Yesterday, I wrote about my desire for a simpler Christmas this year. Today, I am writing about what will be the biggest challenge in this simplicity mission – gifts for my kids.
I am a gift-giver. It is who I am as a person. I have always loved picking gifts out for others, and when I became a mom, buying Christmas gifts for my children was so, so fulfilling. I loved creating magical Christmases for them year after year, mainly because my parents did that for me.
But last year, on Christmas night, my eyes were opened as I walked into my girls’ bedroom where they had been playing with all their new toys, and I found every single package ripped open and the contents strewn about the room. It looked like a bomb went off in the middle of a tornado. They weren’t actually playing with any of the toys. They were just opening one thing and going to the next. Dolls had already lost their shoes, puzzles had already lost a few pieces, and Mama had lost her damn mind. I was so upset that all of these brand new toys that made them so happy just hours before were nothing more than plastic shrapnel all over the ground.
I knew that no matter how much I thought I gave my children all they could ever want that I actually did the opposite – I overwhelmed them. I spoiled them.
When I saw the mess and the way they treated their brand new possessions, I got upset. I yelled at them. On Christmas. I felt awful, and I knew that this wasn’t the way it was supposed to be.
Fast forward to a couple months later when we did a playroom purge, and I was shocked that many of the items that they absolutely “had to have” in December meant nothing to them by February. Lots of like-new toys landed in the donate pile, which is fine because I am sure they are getting plenty of love from other children. However, a little part of me died when I realized that this was all a result of the kids having too much.
My children are good, grateful, sweet kids. They deserve to feel loved and adored on Christmas, their birthdays, and every day in between. For this reason, it is incredibly hard for me to show restraint in gift-buying. However, I have to honor the fact that watching my children become overwhelmed and oversensitized is not helping them to feel loved.
I have been thinking about how to transition our children to a simpler way of receiving gifts on Christmas. I honestly think that they will barely notice if we cut back on a few gifts, but I know it will be an adjustment for me.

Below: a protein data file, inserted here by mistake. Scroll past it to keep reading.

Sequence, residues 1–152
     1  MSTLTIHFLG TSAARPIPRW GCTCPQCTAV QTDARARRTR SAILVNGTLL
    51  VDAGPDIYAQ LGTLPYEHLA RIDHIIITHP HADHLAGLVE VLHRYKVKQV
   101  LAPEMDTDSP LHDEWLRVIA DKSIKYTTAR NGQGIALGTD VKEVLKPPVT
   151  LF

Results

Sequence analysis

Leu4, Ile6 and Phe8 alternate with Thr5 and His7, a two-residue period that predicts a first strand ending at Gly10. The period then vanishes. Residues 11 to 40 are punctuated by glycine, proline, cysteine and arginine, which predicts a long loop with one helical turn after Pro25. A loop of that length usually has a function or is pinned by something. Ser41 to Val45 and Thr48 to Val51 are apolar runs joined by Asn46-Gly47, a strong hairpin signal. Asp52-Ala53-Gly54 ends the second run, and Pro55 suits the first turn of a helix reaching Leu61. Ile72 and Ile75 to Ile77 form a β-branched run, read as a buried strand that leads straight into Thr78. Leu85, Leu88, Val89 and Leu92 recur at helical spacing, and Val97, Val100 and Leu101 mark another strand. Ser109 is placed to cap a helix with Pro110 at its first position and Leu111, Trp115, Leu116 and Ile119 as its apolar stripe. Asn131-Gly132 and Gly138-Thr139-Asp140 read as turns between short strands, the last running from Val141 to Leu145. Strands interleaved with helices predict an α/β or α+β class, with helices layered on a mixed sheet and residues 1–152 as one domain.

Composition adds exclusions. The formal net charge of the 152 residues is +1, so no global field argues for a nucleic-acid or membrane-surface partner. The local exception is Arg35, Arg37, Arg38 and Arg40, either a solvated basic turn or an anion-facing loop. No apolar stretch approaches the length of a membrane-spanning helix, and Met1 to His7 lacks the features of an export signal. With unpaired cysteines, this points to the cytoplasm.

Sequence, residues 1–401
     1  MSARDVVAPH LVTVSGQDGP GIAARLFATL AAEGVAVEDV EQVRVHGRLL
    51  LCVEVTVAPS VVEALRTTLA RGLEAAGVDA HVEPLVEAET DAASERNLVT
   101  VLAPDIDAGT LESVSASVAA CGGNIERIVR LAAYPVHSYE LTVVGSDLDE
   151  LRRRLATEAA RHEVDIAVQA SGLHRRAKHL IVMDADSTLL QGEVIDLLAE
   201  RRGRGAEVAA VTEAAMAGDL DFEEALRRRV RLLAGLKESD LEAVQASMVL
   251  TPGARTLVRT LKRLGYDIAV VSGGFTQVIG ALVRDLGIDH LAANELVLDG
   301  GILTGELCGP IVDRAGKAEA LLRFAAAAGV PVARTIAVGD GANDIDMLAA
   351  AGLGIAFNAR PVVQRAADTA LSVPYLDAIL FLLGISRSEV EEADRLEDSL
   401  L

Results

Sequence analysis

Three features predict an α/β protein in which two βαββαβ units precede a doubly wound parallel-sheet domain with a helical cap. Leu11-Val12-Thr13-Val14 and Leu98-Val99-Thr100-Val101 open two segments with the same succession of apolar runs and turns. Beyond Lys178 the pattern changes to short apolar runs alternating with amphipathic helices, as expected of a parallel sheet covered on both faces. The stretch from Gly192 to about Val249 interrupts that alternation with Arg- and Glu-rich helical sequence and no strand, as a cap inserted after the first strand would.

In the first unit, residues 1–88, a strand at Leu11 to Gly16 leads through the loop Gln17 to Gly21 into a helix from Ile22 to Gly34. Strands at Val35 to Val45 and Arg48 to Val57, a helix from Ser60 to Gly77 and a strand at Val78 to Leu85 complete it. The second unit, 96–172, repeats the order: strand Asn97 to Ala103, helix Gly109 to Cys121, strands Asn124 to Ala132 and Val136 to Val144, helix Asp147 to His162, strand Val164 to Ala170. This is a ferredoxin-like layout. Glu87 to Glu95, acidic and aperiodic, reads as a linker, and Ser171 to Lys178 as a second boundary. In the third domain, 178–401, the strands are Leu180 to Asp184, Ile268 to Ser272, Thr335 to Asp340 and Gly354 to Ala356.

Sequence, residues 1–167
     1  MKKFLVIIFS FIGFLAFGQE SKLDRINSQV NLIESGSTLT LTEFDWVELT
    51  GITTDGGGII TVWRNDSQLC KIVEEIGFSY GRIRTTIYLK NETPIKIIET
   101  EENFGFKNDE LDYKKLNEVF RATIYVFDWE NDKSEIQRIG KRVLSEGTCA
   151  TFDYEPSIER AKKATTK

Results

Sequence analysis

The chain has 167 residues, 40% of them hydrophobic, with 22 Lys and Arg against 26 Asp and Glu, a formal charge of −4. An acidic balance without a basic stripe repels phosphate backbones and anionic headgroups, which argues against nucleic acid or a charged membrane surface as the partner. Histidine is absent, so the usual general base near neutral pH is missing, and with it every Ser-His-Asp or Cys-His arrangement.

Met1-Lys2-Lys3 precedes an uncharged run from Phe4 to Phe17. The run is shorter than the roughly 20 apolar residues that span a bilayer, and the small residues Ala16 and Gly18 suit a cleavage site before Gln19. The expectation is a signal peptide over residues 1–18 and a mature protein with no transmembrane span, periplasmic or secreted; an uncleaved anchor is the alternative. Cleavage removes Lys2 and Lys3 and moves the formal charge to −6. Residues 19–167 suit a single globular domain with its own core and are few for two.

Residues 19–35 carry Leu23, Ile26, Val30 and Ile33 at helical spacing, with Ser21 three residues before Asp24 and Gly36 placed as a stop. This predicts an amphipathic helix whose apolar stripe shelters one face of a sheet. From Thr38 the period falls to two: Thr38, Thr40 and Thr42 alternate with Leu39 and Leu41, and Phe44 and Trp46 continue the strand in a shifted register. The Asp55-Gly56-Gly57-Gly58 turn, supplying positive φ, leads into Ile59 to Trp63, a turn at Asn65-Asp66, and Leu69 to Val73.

There are lots of great ideas out there, and one of the more popular concepts seems to be the 4 gift rule, which is buying something they want, something they need, something to wear, and something to read. I think this is a great way to make gift-giving well-rounded and manageable. This might be what we try this year.
One thing we have tried to do is minimize The Santa Influence. In our earlier Christmases, Santa brought everything. Now that the kids are older, we have wanted to make sure they know that mama and papa gives them some of their gifts, and they can also pick gifts out for their siblings to open on Christmas morning. We are hoping that minimizing Santa will make it less disappointing for them when they realize that…well…you know.
On that note, we may have mama and papa give the “4 gifts” (want, need, wear, read), and then Santa brings one gift for each child – hopefully something at the very top of their lists. In addition to our sibling gift exchange, where they each are assigned one other sibling to “buy for,” this will give each child 6 gifts. We also like to do one family gift – something we can all enjoy together, whether it’s a membership to a museum, a family movie day, or just a game we can all enjoy together.
With four kids, that’s still 25 gifts under the tree, which really doesn’t seem that simplified, but I promise this will be an improvement in both the categories of intentionality and quality over quantity.
I think this seems very doable and like a great first step in streamlining our Christmas. How do you handle gifts for your children? Do you hope to simplify the process this year?